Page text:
The Oxford English Dictionary has as its definition of the word game, “1.Amusement, delight, fun, mirth, sport” and “3.a.an Amusement, diversion, pastime” (OED). While these definitions account for the enjoyment and pleasure generally associated with games, it fails to recognize the fundamental connection that games have with rules. Marshall McLuhan says games are “contrived and controlled situations, extensions of group awareness that permit a respite from customary patters” (McLuhan, 243). This definition encompasses both the diverting nature of games and the imposition of the structure of rules on the players. McLuhan also calls games ‘contrived,’ emphasizing the artificiality of the structure of rules. When the OED does address the subject of rules in the fourth definition it describes a game as “4. a. A diversion of the nature of a contest, played according to rules, and displaying in the result the superiority either in skill, strength, or good fortune of the winner or winners” (OED), connecting the rules of the game with competition. Of course, competition is as much a part of games as their diverting, amusing nature, though non-competitive games (cooperative or solitary games, for instance) exist just as surely as games that aren’t enjoyable do. What is essential to a game is an agreement by the players to abide by the artificially imposed rules and structure of the game, to play by the rules.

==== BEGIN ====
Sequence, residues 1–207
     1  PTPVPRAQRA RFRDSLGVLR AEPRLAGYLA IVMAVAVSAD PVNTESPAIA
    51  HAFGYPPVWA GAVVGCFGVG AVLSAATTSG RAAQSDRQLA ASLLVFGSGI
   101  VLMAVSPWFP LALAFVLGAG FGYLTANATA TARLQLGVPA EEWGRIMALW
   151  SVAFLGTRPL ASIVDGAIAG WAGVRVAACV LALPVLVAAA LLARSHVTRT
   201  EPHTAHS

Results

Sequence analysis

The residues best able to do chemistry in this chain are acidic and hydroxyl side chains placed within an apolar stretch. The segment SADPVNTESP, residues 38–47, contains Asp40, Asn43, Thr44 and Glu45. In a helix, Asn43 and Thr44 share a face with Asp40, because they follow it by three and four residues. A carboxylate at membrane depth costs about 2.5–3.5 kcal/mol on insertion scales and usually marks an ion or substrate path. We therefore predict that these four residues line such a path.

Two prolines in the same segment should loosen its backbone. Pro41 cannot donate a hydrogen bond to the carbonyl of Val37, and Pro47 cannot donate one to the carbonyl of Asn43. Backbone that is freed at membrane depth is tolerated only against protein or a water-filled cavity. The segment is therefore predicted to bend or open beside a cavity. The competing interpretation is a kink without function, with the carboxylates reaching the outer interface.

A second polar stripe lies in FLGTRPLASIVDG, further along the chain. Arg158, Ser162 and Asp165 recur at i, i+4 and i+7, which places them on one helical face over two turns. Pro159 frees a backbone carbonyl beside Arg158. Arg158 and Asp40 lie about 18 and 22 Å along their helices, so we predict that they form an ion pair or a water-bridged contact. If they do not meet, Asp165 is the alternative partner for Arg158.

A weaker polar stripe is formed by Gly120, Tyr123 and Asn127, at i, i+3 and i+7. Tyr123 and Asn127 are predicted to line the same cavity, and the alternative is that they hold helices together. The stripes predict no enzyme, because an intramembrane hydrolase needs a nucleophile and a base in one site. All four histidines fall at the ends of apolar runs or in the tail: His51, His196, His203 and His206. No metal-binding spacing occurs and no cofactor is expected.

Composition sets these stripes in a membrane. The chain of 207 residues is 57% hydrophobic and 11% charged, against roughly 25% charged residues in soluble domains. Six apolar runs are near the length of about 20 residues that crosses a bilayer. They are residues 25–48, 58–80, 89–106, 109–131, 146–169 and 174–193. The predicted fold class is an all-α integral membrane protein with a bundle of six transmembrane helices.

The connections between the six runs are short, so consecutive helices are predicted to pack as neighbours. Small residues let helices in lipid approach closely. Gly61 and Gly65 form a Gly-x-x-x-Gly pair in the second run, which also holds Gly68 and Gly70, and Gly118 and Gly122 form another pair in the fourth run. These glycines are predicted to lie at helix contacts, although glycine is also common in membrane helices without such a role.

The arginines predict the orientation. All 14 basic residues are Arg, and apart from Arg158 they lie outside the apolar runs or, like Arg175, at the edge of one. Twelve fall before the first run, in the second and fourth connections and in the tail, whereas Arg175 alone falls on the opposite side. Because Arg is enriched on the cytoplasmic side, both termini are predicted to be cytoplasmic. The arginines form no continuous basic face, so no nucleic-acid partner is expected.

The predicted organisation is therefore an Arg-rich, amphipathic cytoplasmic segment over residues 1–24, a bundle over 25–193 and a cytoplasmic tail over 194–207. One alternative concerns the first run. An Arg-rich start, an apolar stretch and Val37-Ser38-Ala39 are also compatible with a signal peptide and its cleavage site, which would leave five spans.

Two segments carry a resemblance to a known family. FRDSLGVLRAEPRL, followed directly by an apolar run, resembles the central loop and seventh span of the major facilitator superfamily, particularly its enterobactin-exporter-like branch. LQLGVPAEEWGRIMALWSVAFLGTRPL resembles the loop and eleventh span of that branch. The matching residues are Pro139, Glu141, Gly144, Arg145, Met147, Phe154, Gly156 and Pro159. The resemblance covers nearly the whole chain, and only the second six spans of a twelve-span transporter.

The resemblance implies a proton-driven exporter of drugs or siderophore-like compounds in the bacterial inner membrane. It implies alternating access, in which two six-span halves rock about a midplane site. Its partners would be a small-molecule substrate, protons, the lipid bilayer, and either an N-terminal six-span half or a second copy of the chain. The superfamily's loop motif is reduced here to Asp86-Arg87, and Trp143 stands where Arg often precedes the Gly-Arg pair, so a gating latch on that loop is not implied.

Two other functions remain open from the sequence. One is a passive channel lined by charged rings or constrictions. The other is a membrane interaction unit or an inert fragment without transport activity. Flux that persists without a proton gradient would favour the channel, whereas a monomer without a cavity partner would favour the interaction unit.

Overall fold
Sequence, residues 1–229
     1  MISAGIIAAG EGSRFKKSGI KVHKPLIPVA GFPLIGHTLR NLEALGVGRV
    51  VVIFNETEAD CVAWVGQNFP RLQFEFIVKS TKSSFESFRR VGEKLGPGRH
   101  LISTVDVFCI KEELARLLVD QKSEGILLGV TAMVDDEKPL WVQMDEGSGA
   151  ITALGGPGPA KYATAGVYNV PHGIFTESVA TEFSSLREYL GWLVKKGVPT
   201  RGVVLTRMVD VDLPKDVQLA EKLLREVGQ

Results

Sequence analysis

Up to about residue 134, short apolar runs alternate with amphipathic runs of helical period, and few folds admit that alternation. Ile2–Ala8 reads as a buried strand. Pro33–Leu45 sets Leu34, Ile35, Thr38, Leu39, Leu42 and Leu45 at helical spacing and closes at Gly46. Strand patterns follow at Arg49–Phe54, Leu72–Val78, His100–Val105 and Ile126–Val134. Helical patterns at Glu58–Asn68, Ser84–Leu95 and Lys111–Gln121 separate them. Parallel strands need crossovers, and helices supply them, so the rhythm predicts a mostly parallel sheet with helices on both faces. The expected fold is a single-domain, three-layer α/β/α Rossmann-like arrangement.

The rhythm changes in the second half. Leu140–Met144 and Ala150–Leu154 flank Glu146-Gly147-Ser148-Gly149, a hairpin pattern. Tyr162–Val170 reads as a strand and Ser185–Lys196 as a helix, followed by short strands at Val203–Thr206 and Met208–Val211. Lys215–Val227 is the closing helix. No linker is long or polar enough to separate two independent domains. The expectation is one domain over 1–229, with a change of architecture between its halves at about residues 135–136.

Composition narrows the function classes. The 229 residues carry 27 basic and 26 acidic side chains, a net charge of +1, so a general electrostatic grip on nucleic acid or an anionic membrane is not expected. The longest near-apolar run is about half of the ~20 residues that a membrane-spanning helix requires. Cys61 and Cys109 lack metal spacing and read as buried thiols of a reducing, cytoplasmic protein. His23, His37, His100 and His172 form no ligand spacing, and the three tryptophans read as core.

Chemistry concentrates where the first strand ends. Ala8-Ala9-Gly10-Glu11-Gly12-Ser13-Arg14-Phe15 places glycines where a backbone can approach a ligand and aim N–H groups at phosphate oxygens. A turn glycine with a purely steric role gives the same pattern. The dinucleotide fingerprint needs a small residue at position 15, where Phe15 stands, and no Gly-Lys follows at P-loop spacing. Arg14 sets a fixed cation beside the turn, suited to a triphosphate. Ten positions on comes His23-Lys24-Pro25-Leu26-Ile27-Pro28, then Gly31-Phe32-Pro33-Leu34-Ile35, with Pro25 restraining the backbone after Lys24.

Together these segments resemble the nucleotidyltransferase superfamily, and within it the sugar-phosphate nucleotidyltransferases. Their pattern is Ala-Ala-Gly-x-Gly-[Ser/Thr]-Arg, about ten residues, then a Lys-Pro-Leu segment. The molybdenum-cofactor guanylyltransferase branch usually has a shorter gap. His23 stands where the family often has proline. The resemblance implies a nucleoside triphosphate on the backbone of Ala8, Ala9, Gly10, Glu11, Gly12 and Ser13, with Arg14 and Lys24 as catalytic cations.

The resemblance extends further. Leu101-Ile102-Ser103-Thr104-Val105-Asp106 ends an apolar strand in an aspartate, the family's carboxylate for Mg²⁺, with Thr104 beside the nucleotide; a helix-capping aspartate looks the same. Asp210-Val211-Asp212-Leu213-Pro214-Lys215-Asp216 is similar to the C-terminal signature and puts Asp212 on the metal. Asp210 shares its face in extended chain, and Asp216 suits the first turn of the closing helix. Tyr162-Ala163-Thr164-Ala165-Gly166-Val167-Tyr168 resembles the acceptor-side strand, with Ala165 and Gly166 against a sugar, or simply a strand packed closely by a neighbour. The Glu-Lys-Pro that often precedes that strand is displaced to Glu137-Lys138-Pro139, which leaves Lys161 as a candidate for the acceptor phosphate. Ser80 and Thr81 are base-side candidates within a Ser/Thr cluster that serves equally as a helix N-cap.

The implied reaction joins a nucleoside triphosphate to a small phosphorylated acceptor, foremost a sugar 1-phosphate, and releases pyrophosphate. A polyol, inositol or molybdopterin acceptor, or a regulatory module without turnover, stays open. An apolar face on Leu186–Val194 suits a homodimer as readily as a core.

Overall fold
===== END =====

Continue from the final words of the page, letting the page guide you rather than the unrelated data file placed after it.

The verb ‘to play’ is fundamentally entwined with games. This connection serves both to keep the game in the realm of the amusement and to associate the playing of games with the act of a child’s play. In Beyond the Pleasure Principle, Sigmund Freud describes a very young child’s invention of a game. The child would throw his toys out of sight and say ‘gone’ which Freud “eventually realized…was a game and that the only use he made of any of his toys was to play ‘gone’ with them” (Freud, 599). The difference between the child simply engaged in the act of playing with his toys and playing a game with them is the imposition of a set of rules for playing. Ludwig Wittgenstein’s ‘language-games’ provide another useful example of a non-traditional way to think about what a game is. Wittgenstein imagines the naming of objects, without providing a context for the use of that object (for example, telling a non-chess player that the king is called ‘king,’ but not what that piece does on the board) as a kind of language game. He then extends the idea of this primitive language as a game to “also call the whole, consisting of language and the actions into which it is woven, a ‘language-game’” (Wittgenstein, 4). Language itself is a collection of arbitrary rules, a code, that speakers of common languages must agree to abide by for communication to be possible.